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The Art of Temptation

Devonshire House

(Inspiration for Lincolnshire House in Berkeley Square)

Devonshire House was designed by William Kent and served as the London residence of the Dukes of Devonshire for almost two hundred years. The crystal staircase was famous (although it was really made of glass), and a lady once said of the house, I never saw anything so magnificent as the profusion of gilding and chandeliers, one of which was solid silver.

A ball at Devonshire House.

Because I wanted Lord Lincolnshire to live in Berkeley Square, I turned this house around—in reality, the house fronted on Piccadilly Street and its gardens backed up to the square. Devonshire House is no longer standing, but before it was demolished in the 1920s, many of the interior furnishings were moved to Chatsworth, the duke's residence in the countryside. You can still see some of them there.

Kenwood House

(Inspiration for Sean's house in Hampstead)
Entrance hall with blue walls (but unlike in the book, all the rooms aren't blue!)

Sean's house was inspired by Kenwood House in Hampstead. Set in an idyllic landscape beside Hampstead Heath, the house was expanded by Robert Adam between 1764 and 1779. Although Sean didn't have any paintings, the real house is a veritable gallery. Edward Cecil Guinness, brewing magnate and first Earl of Iveagh, bought Kenwood House in 1925, and when he died in 1927, he bequeathed the estate and part of his art collection to Britain. The house is open daily all year round, and if you visit you will see important paintings by many great artists including Rembrandt, Vermeer, Constable, Turner, Reynolds, and Gainsborough. I like to imagine that Corinna might have put together such a collection!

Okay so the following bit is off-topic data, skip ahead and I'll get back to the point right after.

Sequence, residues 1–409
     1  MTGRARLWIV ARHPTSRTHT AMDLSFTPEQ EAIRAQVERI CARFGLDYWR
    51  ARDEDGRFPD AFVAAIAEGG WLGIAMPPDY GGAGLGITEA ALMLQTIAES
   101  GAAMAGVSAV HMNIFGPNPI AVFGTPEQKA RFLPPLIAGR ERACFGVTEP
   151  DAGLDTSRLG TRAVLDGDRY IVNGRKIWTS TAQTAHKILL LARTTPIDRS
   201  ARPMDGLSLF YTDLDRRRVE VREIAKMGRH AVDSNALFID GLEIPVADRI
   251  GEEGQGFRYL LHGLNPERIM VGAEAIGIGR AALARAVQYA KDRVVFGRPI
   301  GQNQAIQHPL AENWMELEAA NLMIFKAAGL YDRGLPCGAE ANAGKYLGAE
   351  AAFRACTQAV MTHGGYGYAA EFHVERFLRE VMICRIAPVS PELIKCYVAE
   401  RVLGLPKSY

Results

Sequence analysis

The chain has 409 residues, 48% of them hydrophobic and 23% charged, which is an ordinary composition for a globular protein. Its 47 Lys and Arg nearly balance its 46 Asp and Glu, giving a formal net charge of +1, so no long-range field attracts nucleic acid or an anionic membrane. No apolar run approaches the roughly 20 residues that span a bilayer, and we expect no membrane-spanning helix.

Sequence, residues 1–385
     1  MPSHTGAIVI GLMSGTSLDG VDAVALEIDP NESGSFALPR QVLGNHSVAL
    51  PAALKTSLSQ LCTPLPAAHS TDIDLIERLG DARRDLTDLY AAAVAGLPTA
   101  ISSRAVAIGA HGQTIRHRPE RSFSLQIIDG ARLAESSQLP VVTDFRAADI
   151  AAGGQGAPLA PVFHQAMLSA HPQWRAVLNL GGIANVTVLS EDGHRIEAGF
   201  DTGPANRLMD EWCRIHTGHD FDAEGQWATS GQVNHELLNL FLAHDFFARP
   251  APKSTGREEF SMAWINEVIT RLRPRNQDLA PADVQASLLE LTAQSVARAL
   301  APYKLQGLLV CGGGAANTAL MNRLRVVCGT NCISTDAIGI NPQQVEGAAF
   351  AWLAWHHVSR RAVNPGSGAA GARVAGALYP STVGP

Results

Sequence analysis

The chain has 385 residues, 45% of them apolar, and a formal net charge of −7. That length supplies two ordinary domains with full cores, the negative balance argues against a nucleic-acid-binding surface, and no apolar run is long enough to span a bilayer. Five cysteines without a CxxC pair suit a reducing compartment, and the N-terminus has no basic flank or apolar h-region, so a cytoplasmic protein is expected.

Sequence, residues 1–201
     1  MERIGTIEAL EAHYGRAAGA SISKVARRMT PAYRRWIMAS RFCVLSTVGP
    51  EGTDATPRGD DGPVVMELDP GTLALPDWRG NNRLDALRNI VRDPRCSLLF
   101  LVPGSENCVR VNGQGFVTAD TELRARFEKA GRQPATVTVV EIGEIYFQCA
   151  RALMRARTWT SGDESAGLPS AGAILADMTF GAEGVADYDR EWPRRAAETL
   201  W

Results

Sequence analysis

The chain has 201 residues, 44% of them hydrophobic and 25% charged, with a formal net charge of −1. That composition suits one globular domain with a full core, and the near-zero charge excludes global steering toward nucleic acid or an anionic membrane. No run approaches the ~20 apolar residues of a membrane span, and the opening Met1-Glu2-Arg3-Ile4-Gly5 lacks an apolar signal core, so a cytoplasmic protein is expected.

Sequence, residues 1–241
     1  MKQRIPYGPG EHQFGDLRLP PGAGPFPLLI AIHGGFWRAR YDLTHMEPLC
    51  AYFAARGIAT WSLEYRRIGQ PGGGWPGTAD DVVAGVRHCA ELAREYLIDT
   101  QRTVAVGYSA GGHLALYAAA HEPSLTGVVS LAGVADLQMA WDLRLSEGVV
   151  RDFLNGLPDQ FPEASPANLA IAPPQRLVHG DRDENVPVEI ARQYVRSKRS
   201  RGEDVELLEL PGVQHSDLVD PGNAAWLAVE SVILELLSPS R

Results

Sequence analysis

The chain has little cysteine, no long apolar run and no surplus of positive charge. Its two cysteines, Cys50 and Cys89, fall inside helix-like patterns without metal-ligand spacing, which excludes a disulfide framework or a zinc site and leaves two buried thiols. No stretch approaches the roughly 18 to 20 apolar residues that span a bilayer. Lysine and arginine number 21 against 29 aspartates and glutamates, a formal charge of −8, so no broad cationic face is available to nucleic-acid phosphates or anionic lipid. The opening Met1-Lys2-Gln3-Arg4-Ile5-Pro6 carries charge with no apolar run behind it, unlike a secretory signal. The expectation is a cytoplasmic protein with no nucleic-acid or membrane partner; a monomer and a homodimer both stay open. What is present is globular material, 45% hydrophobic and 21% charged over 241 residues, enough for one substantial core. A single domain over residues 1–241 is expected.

44 Berkeley Square, London

(Town house for the Chases)

The Chases' town house at 44 Berkeley Square has been described as the finest terrace house of London. It was designed in 1742 by William Kent for Lady Isabella Finch. Unfortunately, you cannot visit, because the building is currently being used as a private club. But if you go to Berkeley Square, you can see it from the outside—look for the blue door.

Spencer House

(Inspiration for Stafford House)

Stafford House, James's home in St. James's Place, is based on Spencer House, one of the great architectural landmarks of London. Built in the eighteenth century by John, 1st Earl Spencer (an ancestor of Diana, Princess of Wales), it was immediately recognized as a building of major importance. Should you ever find yourself in London, I highly recommend a visit. Its exquisite rooms have all been restored, and you will see many of the antiquities Amanda admired in Tempting Juliana. Spencer House is open to the public every Sunday except during January and August.

The Palm Room.

More pictures of Spencer House

Lindsey House, London

(Inspiration for the Chase town house)

For their London town house, the Chases have borrowed Lindsey House bordering Lincoln's Inn Fields. Attributed to the esteemed architect Inigo Jones, it is the only original house left in the square. The house takes its name from Robert, 3rd Earl of Lindsey, who purchased the property in the 1660s from the family of Sir Theodore Mayerne, who had been doctor to James I and Charles I. There have been various distinguished occupants since, including James Whistler, who painted the famous portrait of his mother there.

Amberley Castle

(Inspiration for Greystone Castle—not related to Amberley House)
Portcullis Gate at entrance to Amberley Castle.

Greystone was inspired by Amberley Castle, also in West Sussex. Charles II visited the castle in 1651 and 1685. The then tenant, Sir John Brisco, commemorated the second visit by commissioning a mural of Charles and Queen Catharine, which can still be seen in the Queen's Room, now a gourmet restaurant. The castle has passed through many hands and is now run as a Country House Hotel. The walls exude the spirit of dreams and legends, and a stay there is the stuff memories are made of, well worth the splurge.

Lower Court, within the castle walls.

More pictures of Amberley Castle

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